28:4 Or 'plundering;' but Tûg-hômônd here, and Tûgâvand in § 12, may perhaps mean 'descended from Tûg,' as Frâsîyâv was the sixth in descent from Tûg (see Bd. XXXI, 14).
28:5 Said to have been a great-grandson of Mânûskîhar (see Bd. XXXI, 23).
28:6 Probably the hero who was sixth in descent from Tûg, and third cousin of Frâsîyâv (see Bk. IX, Chap. XV; Bd. 26, 27); though placed by Firdausî as a king Garshâsp preceding Kaî-Qubâd.
28:7 As appears from Bd. XXXI, 25.
28:8 The son of Kâî-Ûs, who did not become king.
29:1 The people of the Airya, Tûirya, and Sairima provinces, mentioned in Yt. XIII, 143.
29:2 Fifth in descent from Kavî-Kavâd, and third cousin once removed of his predecessor Kaî-Khûsrôî (see Bd. XXXI, 25, 28).
29:3 Son of Kaî-Lôharâsp (see Bd. XXXI, 29).
29:4 The historical legends contained in the Avesta end with the sons of king Vistâsp, and other contemporaries of Zaratûst; not a word being said of any succeeding monarch. Similarly, Bd. XXXI and this historical Nask fail to carry on the details of the royal line beyond Vistâsp; ignoring the Achæmenians, Alexander, and the Askânians, they leap over an evident gap in history (very insufficiently bridged in the more modern chapter, Bd. XXXIV) to the Sasanians. This gap, between Avesta legends and the later undoubted Persian history, is a very weak point in the continuity of the two periods. And as the mode of bridging over this gap in Bd. XXXIV occurs in a chapter 'on the computation of years of the Arabs' (see S.B.E. vol. v, p. xxxvii) it must be considered as more of an Arab than a Persian contribution to history.
29:5 Av. Naotara; a son of Mânûskîhar (see Bd. XXXI, 13, 23, XXX III, 5).
29:6 Doubtful; if the second name be a patronymic, the combination suggests the Yôistô yô Fryânanãm of Yt. V, 8,, XIII, 120, regarding whom the tale of Yôst-î Fryânŏ is told. No son of p. 30 Nôdar with a corresponding name is known, so that we are not dealing with a complete pedigree.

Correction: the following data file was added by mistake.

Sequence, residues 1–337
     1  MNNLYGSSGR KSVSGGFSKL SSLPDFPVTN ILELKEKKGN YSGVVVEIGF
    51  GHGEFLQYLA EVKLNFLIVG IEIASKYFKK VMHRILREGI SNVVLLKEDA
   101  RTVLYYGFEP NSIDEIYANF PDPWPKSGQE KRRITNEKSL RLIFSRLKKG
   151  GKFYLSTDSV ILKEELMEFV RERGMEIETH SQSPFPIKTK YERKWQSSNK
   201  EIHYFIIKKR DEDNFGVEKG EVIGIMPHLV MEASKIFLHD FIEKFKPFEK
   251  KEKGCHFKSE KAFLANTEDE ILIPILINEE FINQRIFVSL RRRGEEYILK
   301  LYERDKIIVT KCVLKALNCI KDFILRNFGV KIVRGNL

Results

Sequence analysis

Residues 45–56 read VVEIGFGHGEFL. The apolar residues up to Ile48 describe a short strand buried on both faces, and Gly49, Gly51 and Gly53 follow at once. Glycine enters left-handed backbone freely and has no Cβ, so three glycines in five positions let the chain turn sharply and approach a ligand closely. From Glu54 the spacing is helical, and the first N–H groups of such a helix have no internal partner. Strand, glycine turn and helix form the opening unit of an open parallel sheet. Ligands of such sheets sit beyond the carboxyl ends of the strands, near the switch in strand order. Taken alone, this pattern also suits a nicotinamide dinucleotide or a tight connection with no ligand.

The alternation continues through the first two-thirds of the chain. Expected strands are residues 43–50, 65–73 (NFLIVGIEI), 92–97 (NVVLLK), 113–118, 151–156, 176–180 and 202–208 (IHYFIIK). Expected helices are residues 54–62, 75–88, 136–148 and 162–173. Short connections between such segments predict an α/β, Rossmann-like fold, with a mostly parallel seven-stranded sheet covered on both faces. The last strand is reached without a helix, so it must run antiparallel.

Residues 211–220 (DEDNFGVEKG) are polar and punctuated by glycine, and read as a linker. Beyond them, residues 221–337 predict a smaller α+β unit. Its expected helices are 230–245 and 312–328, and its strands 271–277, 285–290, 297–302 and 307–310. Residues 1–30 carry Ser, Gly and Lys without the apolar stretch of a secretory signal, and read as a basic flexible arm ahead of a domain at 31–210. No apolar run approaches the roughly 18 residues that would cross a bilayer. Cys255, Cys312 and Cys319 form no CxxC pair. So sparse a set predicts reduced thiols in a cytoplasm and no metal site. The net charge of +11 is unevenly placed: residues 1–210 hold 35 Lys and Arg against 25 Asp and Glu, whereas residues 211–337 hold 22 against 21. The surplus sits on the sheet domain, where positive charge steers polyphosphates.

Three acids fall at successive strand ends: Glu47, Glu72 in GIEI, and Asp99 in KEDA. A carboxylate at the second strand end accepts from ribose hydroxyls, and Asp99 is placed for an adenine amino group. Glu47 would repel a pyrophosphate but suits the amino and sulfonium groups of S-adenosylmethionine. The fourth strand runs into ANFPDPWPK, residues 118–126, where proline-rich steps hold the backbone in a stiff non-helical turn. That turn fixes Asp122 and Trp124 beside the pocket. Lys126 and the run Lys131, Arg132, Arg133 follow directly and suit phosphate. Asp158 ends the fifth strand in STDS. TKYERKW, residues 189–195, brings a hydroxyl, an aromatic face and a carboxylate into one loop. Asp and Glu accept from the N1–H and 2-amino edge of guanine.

30:1 Probably intended for Spend-dad, and we should perhaps read 'Vohûmanô, son of Spend-dâd,' whose reign is celebrated as the silver age in Byt. II, 17 (see also Bd. XXXI, 29, XXXIV, 8).
30:2 This name, or surname, is given in Pâzand, and is also to be found in Yt. XIII, 106, as follows: 'we reverence the guardian spirit of the righteous Avarethrabau, son of Râstare-vaghant.' If the latter epithet were a surname of Âtûr-pâd, the famous prime minister of Shahpûhar II, as the text intimates, we must conclude that the former epithet was a surname of his only son, Zaratûst, mentioned in his Pandnâmak. These surnames, and others of their time, might have been easily interpolated in the long list of uncouth names included in the Fravardîn Yast, when the Avesta books were revised during the reign of Shahpûhar II, and the Nasks were 'reckoned,' as stated in the fourth book of the Dinkard (see Haug's Essay on Pahlavi, pp. 146, 152).
30:3 §§ 17-19 refer to text which must have been written either in the time of Shahpûhar II, or at some later period during Sasanian rule. Whereas §§ 1-16 are descriptive of an older record which, though consistent with the extant Avesta texts, could not have been compiled from them alone. And § 20 describes text that might have been written at any time.
31:1 Reading vakhsh in the same Avesta sense as in vakhshvar, 'a prophet;' it may, however, mean 'gain, fortune, gifts.' A similarly-written word, vâyâ, 'air, breath,' is used in Sg. XIII, 7 to translate the 'Spirit' of God in Gen. i. 2.